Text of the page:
On Friday, we had written this: About KAMANI, Glaspie told us it is a healing plant and that we could look it up. We WERE speculating whether it was KAtMAttNIgelNIkki. But then that would have been KAMANINI. So no. Healing plant it is.
With Hall gone, Glaspie said, “This is the KAMANI TRIO! KAt, MAtt, and NIkki.” Lots more laughter on a joyous evening. They ripped into a very different version of “Thank You (Falettinme Be Mice Elf Agin).” The three-part harmonies were glorious (Hall did return!), and Dyson tore another great solo. The song also afforded several opportunities for Lapham to show, and he did. Lapham is known as a Florida musician, but time and again he demonstrates that in this elevated company is exactly where he belongs.
It was Aretha time, with Hall singing a spirited “Jump to It.” His piano solo was electric, the harmonies tight. When it seemed it would end, Glaspie kicked back into it. The funk was deeper than deep, and we agreed with Hall when he gushed, “THAT’S THE SHIT RIGHT THERE, THEN, ALL NIGHT LONG!” Next was a tune, possibly “Try, Try, Try,” a great portion with just the ladies: Dyson and Glaspie.
A.J. Hall, a fine drummer, percussionist, and bass player, was in the house. He plays drums in Glaspie’s Band of Homies. He took the drum kit for another Maze tune. Glaspie attempted to go off stage, but she could not help herself coming back to sing harmonies!
Hall began the rap about live music encores, how you’re supposed to go off stage and wait for applause before returning. He said, “But we’re not that dramatic.” Glaspie jumped back in: “Speaking of The Dramatics….” Hall then jumped on “What You See is What You Get,” and it was awesome, now with four-part harmonies (A.J. Hall also singing). And they closed with a great version of “What a Fool Believes.” Hall’s voice would not let him hit those high notes, but nobody cared; it was glorious. And Dyson had one more great solo.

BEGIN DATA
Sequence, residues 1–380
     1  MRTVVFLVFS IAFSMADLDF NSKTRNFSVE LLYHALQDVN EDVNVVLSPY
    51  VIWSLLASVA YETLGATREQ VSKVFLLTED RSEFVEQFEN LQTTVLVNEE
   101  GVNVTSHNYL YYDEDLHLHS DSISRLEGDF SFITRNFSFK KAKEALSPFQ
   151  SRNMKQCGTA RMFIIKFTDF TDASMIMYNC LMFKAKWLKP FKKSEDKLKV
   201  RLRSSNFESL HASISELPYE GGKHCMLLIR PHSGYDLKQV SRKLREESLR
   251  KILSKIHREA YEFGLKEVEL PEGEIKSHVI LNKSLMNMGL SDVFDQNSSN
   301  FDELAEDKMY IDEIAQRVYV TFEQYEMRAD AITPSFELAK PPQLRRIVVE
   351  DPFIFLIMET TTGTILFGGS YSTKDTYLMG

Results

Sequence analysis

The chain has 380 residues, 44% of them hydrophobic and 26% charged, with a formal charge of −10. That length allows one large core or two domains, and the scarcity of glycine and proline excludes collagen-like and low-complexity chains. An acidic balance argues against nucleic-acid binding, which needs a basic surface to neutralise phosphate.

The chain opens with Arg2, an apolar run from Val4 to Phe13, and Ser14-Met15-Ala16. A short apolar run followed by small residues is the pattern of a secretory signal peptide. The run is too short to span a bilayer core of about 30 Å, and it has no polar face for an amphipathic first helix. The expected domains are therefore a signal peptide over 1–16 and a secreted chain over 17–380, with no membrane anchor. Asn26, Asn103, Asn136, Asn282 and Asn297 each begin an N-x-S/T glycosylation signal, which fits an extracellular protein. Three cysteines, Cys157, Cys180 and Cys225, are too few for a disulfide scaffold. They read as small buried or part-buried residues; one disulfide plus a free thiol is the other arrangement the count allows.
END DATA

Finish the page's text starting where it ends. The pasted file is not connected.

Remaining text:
So thankful to catch two of these shows (also Friday at The New Standard in Winter Park). Dunedin Brewery and it proprietor, Michael Lynn Bryant, have been working hard to present live music in these difficult times. Normally, sound engineer Chris Fama has it locked down tight, but for this show — and the entire run — Natalie Tuttle ran sound; she works with Glaspie and did another amazing job.
Thanks also for photographs from Hunter Nicole Davis, Shelly Smith, and Phil Ross (feature image)!
[SET 1: Intro > Joy and Pain, Never, Never Gonna Give You Up > Hang It Up, Running Away, Law and Order theme > What’s Happening theme, Remind Me, Catfish, Outstanding; SET 2: Happy Feeling, Thank You, Jump to It, Try, Try, Try, Maze4, What You See Is What You Get, What a Fool Believes]